Matthew 26:36-46

    


     This upcoming week is the most important week of the Christian year.  In the Church, it’s called Holy Week.  It’s the time we follow Jesus into Jerusalem and walk with him as he approaches the cross. These past five weeks we’ve looked at various topics that are familiar to each of us, our faith, forgiveness, worry, spiritual transformation (rebirth) and discipleship…topics that we can all identify with because each of them affects our life in some way or another. 

     Today’s topic is no different.  Today, the focus is on Jesus’ interaction with God.  He’s already entered into Jerusalem and after he has his final meal with his friends we find him all alone in the Garden of Gethsemane, in deep, deep distress, pouring his heart out to God.  He knows what lies ahead for him, but because he’s human, he’s scared to death.  Eugene Peterson, in The Message says that Jesus prayed, “My Father, if there is any way, get me out of this.  But please, [it’s] not what I want.  You, what do you want?” (v.39).  

     By the time Jesus is finished praying and his mental and physical anguish are over, he will find himself in the garden all alone feeling isolated and abandoned, and wanting nothing more than to hear the voice of God. 

     Isolated…abandoned…and wanting to hear the voice of God.  Ah…another topic that hits pretty close to home.  There may not be a more difficult moment in our lives than when we find ourselves searching for direction yet feeling isolated and abandoned and desperately wanting, but unable to hear God’s voice and fully understand his will.

 

     It’s like the man who went to his doctor to say that he thought his wife was going deaf.

     “I’ve got a simple hearing test that you can try at home.  It will help identify just how severe the problem is,” the doctor said.

     So that evening, when his wife was getting dinner around, the guy stood fifteen feet behind her and said, “What’s for dinner tonight?”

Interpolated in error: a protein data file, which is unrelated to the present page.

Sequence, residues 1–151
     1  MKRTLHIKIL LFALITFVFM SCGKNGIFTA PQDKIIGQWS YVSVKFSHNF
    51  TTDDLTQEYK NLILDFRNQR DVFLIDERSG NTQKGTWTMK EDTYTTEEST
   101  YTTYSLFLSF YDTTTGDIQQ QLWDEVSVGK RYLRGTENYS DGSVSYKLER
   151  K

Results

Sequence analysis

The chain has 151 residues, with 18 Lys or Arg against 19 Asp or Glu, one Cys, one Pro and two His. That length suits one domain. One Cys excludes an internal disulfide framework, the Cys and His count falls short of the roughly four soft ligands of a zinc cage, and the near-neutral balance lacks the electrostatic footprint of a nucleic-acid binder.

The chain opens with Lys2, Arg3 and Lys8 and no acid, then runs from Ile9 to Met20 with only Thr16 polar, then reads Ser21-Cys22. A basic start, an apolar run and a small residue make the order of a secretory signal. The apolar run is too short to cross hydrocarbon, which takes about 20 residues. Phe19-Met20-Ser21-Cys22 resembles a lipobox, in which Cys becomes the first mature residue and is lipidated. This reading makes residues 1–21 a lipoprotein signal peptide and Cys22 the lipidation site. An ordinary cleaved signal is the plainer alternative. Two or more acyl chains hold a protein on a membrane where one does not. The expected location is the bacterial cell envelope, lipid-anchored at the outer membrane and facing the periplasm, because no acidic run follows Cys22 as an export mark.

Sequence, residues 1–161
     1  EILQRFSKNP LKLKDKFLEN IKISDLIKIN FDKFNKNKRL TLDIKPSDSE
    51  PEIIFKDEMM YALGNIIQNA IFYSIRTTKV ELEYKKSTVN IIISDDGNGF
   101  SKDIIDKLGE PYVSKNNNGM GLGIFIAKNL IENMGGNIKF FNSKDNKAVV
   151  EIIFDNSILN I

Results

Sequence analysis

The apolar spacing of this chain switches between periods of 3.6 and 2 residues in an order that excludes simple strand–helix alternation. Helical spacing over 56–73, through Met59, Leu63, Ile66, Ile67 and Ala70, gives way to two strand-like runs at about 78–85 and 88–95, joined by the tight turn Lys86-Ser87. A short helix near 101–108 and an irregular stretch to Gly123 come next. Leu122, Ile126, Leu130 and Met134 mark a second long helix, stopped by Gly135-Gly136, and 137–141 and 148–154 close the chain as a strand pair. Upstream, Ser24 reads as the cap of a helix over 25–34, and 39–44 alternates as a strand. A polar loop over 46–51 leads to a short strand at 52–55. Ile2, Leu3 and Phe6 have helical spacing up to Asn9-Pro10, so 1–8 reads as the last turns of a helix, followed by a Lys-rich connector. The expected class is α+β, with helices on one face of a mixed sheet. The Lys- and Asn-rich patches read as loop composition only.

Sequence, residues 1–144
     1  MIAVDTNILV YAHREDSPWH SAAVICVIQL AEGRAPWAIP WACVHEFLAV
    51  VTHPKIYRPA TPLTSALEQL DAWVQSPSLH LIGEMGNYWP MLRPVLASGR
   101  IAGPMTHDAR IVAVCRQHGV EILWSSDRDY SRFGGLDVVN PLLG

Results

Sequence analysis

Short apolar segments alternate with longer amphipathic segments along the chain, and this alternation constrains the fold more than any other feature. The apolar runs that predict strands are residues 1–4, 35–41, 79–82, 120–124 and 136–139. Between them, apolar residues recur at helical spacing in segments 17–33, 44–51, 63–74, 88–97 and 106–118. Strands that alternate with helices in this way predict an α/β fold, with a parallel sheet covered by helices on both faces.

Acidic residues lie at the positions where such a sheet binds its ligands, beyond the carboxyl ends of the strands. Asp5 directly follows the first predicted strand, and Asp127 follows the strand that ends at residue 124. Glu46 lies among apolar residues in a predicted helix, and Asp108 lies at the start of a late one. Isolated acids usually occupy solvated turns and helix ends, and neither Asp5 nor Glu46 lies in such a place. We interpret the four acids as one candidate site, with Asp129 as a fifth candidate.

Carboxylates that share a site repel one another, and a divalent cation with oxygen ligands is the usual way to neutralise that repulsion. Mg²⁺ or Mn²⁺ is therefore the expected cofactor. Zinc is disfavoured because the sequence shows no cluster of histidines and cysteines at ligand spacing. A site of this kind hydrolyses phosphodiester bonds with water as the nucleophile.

No response at all. Nothing.

     So he moved ten feet behind her and asked her again and once again there was no response.

     Then he moved five feet behind her and tried again.  “What’s for dinner tonight?” he said.  But she never replied. 

    Finally, showing a little bit of aggravation he stood right behind her and raised his voice and asked “What’s for dinner tonight?”

     She turned around and looked at him and raised her voice and said, “For the fourth time, I said chicken!”

     Maybe some of us have a hard time hearing as well.  And sometimes we don’t even recognize it.  It’s part of growing old, I’m afraid.  But I think it would be safe to say that no matter how old we are, all of us – all of us –at some time or another, have a hard time hearing God.

     It’s happened to all of us.  We need to make a decision and we don’t know what to do and we pray about it and we wonder if God is even out there listening to us.  So we begin to doubt God and we begin to doubt ourselves and we begin to wonder if maybe it’s us that has the hearing problem…or is it God that has the hearing problem.  All we know is that we need some help so we pray and pray and we end up experiencing absolute silence and we don’t like it.

     If only we could hear God the way Abraham and Noah did.  If only we could see God the way Moses did.  If we could just talk with Jesus like Peter did or like Mary Magdalene did in the garden on Easter morning.  It would be a whole lot easier wouldn’t it?  If we could just hear God tell us what to do or what not to do…we wouldn’t have to struggle so and be under so much stress…and then when we did make our decision at least we could do it with a lot more conviction because we would know exactly what God wants us to do.

     But if it was that easy, how would our faith grow?  Or would we even need to call it “faith?”  Faith is hard and doesn’t come easily.  It’s like the muscles of our body…it has to be exercised if it’s going to grow.  If we didn’t have to struggle and open our eyes and our ears and try to block out all the noise of the world around us in order to hear God then we wouldn’t mature as Christians.  Learning to listen is painful and hard and sometimes overwhelming and bewildering, especially during those times when we feel hopeless and abandoned and alone, but having to listen for God strengthens us and it allow us to come through difficult times much stronger and much more faithful than we ever were before.

 

     When Jesus entered into Jerusalem that day he was feeling pretty good because he had the support of thousands of people lining the streets and he had the support of all the people that were following behind him.  But by the time he got to the Garden of Gethsemane the only ones left to support him were Peter and James and John.  His so called supporters were suddenly leaving him, dropping like flies because they found out he didn’t live up to their expectations.  They wanted an iron fisted ruler to set them free and all they got was a guy riding into town on a donkey…a guy who came to set them free in another way…a way they just couldn’t understand.